Over-Promotion: the best way to burn out your audience

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Don't burn out your audienceToday over coffee, a musician friend of mine and I discussed the real value of having a loyal audience—how having a network of fans to turn to that have expressed interest in supporting you is one of the most valuable assets a band can have.

As we discussed topics such as the frequency of bookings, the degree of variety in venues, and the way in which bands market and promote themselves, it all kept coming back to one central idea: Don’t burn out the audience.

She told me about how her new band, with just four shows under their belt, are being selective about booking shows and venues. She said they’re trying not to be the blind leading the blind, and when I asked what she meant by that, she said they’re making decisions with the intent to be unapologetically original and not just following in someone else’s footsteps.

She also said they’re not playing shows every weekend and taking whatever gig they can get. They try to let time pass between gigs because they want a strong showing of people at every event and would like to see as many of their fans as possible each time. So they’re selective about dates and frequency, hoping fans will come and support when it really matters.

Then I suggested they immediately start collecting more information about their fans. Start out by getting basic information like name and email, then collect more details from them over time using surveys and forms on your website so that you can only hit them up when it’s prudent to their interests. This is called segmentation.

How to segment your email list as it grows

When gathering names and emails for your mailing list, also consider asking for zip code so you can segment future emails and event invitations by location.

When you enter their name, email address and zip code into your database,  include a column to identify the venue and other bands on the bill at the event where you captured their contact info. If you play a show with one of those bands again in the future, you can email all the people who were there and say, “Since you were at X show back on [date] and like [band], we thought you might like to know about this upcoming event.”

You could also choose to email people who always go to your shows at a certain venue every time you play that venue. The possibilities are endless. In the end, as you learn to leverage the power of email segmentation, you’ll be sending fewer email invitations to the show, but they’ll be much more personal, and thus effective.

When you flip it and think about it from your audience’s perspective, isn’t it way better to receive one incredibly relevant, personalized email from a band inviting you to a free show in your neighborhood than to get three or four about festivals you won’t go to and shirts you won’t buy? Aren’t you more likely to unsubscribe when a band or company’s emails consistently provide no real value to you? Remember that as you market to your fans.

How to avoid audience burn-out

Audience burn-out is usually caused by too frequent and/or irrelevant communication.

Fixing frequency

Be realistic about how much time should pass between communications and set a cadence that outlines how frequently each communication platform should be utilized. For example, you’ll interact more frequently on social media than you will via email, and that’s OK—the key is just to be consistent.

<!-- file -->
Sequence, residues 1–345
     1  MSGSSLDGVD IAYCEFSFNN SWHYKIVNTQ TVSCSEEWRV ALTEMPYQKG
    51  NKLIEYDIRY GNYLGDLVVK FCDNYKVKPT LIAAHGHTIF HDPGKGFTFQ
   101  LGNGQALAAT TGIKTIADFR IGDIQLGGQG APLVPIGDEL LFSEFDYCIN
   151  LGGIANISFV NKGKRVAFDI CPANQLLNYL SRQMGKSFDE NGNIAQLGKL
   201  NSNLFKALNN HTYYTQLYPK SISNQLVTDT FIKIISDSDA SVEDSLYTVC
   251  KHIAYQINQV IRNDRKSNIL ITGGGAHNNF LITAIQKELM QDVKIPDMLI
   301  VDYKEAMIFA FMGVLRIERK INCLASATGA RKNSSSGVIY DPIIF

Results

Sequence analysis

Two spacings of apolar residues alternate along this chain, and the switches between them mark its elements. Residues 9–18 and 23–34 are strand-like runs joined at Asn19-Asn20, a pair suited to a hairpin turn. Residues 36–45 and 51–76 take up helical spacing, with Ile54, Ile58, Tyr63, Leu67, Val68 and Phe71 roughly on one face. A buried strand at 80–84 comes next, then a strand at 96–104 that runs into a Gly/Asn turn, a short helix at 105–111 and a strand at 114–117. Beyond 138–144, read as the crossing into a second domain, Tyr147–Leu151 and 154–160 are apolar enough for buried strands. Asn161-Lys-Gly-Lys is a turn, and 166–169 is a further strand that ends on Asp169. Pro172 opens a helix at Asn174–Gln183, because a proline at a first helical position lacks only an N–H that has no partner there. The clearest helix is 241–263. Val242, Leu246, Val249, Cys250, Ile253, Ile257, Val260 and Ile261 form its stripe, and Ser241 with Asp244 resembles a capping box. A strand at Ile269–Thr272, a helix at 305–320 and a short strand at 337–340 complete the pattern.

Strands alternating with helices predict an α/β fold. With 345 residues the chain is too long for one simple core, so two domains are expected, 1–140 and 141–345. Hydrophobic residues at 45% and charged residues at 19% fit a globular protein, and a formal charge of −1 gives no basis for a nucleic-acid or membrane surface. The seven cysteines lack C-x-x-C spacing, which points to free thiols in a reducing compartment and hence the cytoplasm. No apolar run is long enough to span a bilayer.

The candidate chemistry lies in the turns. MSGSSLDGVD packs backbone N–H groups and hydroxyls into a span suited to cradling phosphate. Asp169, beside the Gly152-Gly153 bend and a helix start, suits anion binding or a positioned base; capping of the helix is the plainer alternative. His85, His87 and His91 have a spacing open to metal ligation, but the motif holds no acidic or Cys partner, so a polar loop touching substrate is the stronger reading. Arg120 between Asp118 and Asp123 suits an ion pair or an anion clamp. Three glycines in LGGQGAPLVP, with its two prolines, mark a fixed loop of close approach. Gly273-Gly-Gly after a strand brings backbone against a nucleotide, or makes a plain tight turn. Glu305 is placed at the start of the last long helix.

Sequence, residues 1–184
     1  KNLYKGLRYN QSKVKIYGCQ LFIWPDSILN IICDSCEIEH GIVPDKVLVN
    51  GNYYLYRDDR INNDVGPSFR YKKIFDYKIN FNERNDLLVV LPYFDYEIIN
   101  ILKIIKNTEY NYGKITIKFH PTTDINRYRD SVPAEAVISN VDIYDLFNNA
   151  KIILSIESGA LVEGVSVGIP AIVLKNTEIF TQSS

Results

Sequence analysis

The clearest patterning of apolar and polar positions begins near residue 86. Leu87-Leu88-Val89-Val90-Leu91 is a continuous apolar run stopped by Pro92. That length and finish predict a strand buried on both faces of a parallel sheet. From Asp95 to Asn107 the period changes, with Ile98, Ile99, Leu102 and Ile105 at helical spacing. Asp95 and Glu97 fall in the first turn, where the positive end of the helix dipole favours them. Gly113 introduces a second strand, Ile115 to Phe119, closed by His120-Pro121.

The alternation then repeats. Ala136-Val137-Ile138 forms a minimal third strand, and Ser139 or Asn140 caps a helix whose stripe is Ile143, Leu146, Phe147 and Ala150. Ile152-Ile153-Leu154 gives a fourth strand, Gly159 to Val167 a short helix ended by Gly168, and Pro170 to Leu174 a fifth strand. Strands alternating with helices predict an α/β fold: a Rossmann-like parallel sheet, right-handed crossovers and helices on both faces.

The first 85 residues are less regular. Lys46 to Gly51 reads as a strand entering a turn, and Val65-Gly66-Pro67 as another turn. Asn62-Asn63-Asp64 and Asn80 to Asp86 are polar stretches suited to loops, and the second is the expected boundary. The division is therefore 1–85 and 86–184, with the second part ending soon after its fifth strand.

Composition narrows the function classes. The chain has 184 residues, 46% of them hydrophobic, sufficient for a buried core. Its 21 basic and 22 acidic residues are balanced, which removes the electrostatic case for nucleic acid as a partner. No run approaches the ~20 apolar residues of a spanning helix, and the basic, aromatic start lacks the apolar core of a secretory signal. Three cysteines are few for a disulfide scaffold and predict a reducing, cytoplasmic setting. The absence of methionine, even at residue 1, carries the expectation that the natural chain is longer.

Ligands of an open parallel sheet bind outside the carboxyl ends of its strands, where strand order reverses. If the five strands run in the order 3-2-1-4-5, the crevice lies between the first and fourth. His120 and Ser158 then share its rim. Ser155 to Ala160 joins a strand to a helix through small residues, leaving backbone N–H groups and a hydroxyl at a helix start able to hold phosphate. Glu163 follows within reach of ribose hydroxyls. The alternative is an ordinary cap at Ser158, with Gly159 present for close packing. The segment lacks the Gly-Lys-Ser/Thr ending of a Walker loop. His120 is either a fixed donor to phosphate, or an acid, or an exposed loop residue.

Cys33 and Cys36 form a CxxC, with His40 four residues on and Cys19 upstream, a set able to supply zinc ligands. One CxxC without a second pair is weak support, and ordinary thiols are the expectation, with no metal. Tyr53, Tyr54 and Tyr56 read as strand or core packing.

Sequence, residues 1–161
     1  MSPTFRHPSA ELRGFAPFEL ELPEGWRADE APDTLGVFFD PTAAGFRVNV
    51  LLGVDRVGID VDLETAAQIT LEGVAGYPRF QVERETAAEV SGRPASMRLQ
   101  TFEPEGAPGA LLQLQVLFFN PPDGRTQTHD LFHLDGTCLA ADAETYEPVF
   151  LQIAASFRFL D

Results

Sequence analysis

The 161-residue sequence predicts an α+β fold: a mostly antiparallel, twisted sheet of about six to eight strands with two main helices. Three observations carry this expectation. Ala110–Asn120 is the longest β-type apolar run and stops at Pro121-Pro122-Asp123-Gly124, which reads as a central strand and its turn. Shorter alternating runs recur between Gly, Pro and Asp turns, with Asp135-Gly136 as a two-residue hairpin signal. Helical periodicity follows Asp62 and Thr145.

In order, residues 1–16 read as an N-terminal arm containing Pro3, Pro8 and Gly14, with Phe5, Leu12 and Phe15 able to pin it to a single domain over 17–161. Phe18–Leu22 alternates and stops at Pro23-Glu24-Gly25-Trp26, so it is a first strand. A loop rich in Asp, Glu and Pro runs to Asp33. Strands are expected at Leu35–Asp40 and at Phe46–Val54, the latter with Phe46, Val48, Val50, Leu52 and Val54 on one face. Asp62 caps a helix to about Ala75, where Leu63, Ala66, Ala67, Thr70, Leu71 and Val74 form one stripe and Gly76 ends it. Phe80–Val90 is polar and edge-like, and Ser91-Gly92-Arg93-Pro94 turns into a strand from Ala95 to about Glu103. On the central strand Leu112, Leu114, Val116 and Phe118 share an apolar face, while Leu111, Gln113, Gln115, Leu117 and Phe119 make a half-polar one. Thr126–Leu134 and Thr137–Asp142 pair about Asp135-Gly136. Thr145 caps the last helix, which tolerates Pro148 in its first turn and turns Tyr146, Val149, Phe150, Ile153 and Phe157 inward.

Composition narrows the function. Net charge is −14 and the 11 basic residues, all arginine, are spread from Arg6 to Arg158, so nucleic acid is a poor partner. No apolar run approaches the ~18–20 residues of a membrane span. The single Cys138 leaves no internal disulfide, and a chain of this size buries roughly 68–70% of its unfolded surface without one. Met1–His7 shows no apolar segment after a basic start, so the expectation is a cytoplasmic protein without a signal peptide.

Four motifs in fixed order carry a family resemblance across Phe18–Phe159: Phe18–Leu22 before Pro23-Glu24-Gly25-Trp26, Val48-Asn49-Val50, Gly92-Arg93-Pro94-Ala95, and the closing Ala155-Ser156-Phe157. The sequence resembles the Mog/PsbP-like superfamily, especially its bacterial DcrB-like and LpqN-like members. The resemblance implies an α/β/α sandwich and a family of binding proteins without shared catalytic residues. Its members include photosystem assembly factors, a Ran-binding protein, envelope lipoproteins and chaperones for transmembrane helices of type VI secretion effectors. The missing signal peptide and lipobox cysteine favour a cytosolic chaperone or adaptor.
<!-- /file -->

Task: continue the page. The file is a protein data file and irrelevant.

Reeling in relevance

Frequency is easy to manage; quality and relevance take a lot more work and humbleness. This is where the audience segments you created earlier will come into play as you think about what will be interesting to your fans.

It’s also where you get to be creative and dream up fun, yet realistic, ways to continue building relationships with fans until they become brand (and band) advocates.

Take videos on your phone at practice of someone in the band doing something awesome or hilarious. Share it on social media and reference it in your next email newsletter. Take pics of fans and the crowd from the stage at a series of shows, then make a digital collage for sharing on different platforms in different formats.

Write blog posts about tour life and going to the studio and your creative process. These are all just jumping off points; the big idea is to give your audience ways to relate to you and connect with you in a memorable way.

Just remember, when you have someone’s email address, they have given you permission to market directly to them, and that’s an incredibly powerful promotional tool. Don’t squander it by burning out your audience with too many emails that provide too little value.

Author BioDanielle Look is Content Coordinator @relevance and Editor @indymojo. Follow her @DanielleL00k.

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  • ontheforum

    Burning out an audience often comes from sending emails (even one) that are poorly written. However, I have found that people LIKE hearing from you often, as long as it’s a good message. Give value within the email (give valuable information) and you won’t burn out your audience as easily.

    Warm Regards,

    Terrance
    http://www.3000records.com

  • It’s true that one of the ways to burnout the audience and become uninterested is sending them frequent and sometimes irrelevant email messages. I, for one, don’t really want it to be like that. Making it more personal and specific give the recipients the feeling of importance and that is something they would appreciate. They become more supportive because you are showing them that you know them and interested in them.

    http://instrumentees.com/